Garden Day set for March 30, 2013 at NDSU, Fargo. Brochure
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"High Tunnel Workshop for Home Gardener & Commercial Growers" is set for Thursday, March 7, 2013 at St. Leo's Catholic Church Spirit of Life Center, 211 Langer Ave. N. Casselton, ND from 8:30 a.m. to 5:00 p.m. Our workshop presenter will be Mr. Terrance T. Nennich, U of M Extension Professor, Vegetable and Small Fruit Production.
High tunnels are a completely separate production technology compared to regular gardening or field production. At its simplest, a high tunnel is a non-permanent structure with no electrical service and no heating. A single layer of greenhouse plastic covers the frame, is left on year-round, and lasts two or three years. Vents are opened and sides rolled up manually. Plants in the tunnel are protected from frost by mulch or row covers.
High Tunnels are becoming very popular in the local food production system as they allow both the commercial grower & home gardener to produce an abundance of early produce and also extend the end of the year growing season. Fruits and vegetables grown in high tunnels are often of very high quality.
High tunnels require a substantial capital investment up front, but sometimes can pay for themselves in the first year and even return a profit, if managed properly. Although high tunnels are simple in nature they are deep in understanding. This workshop will cover the basics of installing & operating a high tunnel.
This workshop will also feature presentations on climate change, marketing produce, wind generators, and EQIP high tunnel program.
The registration fee is $25, which includes lunch, course materials and refreshments. Participants can call Todd Weinmann at the NDSU Extension Service, Cass County at 701-241-5707 or Randy Nelson at the UMN Extension Office, Clay County at 218-299-7338 for more information. Registration after March 1 is $35.
County commissions, North Dakota State University and U.S. Department of Agriculture cooperating. North Dakota State University does not discriminate on the basis of race, color, national origin, religion, sex, gender identity, disability, age, status as a U.S. veteran, sexual orientation, marital status, or public assistance status. Direct inquiries to the Vice President for Equity, Diversity and Global Outreach, 205 Old Main, (701) 231-7708.
The University of Minnesota, including the University of Minnesota Extension is an equal opportunity educator and employer.
You are invited to attend the Crops / Small Grains Update program at the American Legion in Moorhead on Tuesday, January 22, 2013 from 8:30 a.m. to 4:15 p.m.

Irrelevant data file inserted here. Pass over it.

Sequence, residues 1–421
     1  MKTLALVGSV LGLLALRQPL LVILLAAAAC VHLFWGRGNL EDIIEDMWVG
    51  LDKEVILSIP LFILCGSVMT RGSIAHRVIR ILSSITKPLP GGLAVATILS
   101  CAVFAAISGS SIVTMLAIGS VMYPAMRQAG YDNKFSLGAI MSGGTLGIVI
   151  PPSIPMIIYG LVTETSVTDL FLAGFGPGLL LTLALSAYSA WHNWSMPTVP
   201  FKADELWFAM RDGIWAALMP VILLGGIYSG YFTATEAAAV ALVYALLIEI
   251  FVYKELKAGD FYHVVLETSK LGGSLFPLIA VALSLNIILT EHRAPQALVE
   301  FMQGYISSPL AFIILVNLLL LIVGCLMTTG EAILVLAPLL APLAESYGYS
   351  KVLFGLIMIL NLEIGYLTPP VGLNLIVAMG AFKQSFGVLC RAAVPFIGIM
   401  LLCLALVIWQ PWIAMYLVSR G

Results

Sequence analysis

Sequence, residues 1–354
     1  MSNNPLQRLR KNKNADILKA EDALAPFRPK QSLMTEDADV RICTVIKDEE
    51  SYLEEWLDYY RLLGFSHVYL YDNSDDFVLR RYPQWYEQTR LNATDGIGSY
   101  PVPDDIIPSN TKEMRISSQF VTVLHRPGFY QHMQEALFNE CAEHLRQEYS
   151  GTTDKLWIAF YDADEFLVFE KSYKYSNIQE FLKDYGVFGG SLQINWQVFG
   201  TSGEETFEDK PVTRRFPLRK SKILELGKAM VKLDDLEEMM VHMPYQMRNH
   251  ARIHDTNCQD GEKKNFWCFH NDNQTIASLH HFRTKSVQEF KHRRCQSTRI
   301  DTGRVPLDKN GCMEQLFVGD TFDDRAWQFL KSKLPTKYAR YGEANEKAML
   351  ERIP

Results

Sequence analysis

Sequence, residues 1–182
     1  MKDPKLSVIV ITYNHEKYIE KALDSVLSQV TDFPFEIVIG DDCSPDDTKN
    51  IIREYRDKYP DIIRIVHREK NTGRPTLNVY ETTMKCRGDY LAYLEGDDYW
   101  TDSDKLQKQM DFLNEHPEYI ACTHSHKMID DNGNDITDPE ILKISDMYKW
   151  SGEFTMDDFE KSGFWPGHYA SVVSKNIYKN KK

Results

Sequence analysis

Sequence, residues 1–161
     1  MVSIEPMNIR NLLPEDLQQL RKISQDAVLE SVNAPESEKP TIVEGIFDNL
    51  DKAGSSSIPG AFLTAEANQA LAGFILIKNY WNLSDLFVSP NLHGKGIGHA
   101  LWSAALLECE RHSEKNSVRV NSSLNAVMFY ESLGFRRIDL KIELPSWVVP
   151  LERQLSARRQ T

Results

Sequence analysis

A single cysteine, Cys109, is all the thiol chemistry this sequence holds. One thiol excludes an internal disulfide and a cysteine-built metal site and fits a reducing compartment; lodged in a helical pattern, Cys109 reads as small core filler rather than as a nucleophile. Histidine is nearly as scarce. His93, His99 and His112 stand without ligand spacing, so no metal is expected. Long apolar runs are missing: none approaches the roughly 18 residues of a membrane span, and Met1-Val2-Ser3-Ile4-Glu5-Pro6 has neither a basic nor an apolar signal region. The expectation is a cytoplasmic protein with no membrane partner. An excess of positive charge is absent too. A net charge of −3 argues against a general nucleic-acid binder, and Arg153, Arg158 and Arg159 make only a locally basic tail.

The morning session will feature presentations by Mr. Michael Krueger, President, The Money Farm, Casselton, ND; Dr. Hans Kandel, Extension Agronomist, Broadleaf Crops, Department of Plant Sciences, NDSU, Fargo; and Ms. Sharon Josephson, Senior Staff for Congressman Collin Peterson, Detroit Lakes, MN.
Mr. Krueger will present "Tight Supplies, High Volatility, Weather Rules." Dr. Kandel will present "Subsurface Water Management Myths and Facts." Ms. Josephson will highlight agriculture policy with her presentation titled "So What is Next?"
The afternoon session will feature the Small Grains Update. Presenters include Dr. Jim Anderson, U of M Spring Wheat Breeder; Dr. Madeleine Smith, Plant Pathologist, NWROC, Crookston, MN; Dr. Dave Grafstrom, NCTC and U of M Magnusson Research Farm, Roseau, MN and Dr. Dan Kaiser, U of M Extension Soil Scientist, St. Paul, MN.
Dr. Anderson will present the results of the 2012 variety trials and provide his and Dr. Jochum Wiersma's insights into the strengths and weaknesses of each variety. The information will help you select the best varieties for your farm in 2013. Dr. Smith will discuss the yield impacts of wheat stripe rust and management options. A number of diseases and viruses that impacted wheat production in some areas of Minnesota in 2012 will also be discussed. Dr. Grafstrom will discuss the results of a grower lead large scale research project and opportunities for growers to participate in the 2013 On Farm Research Program. Dr. Kaiser will discuss a multi-year trial related to tissue sampling in wheat, what you need to know about tissue sampling, and results of multi-year and multi-location research focused on soybean micro-nutrients.
Attendance is free, refreshments will be provided for the morning and afternoon sessions and a complimentary lunch will be served around noon. Morning refreshments will be available starting at 8:30 a.m.
Questions about this event should be directed to Randy Nelson, University of Minnesota Extension educator, Clay County, at 218-299-7338, 1-800-299-5020 or email email@example.com.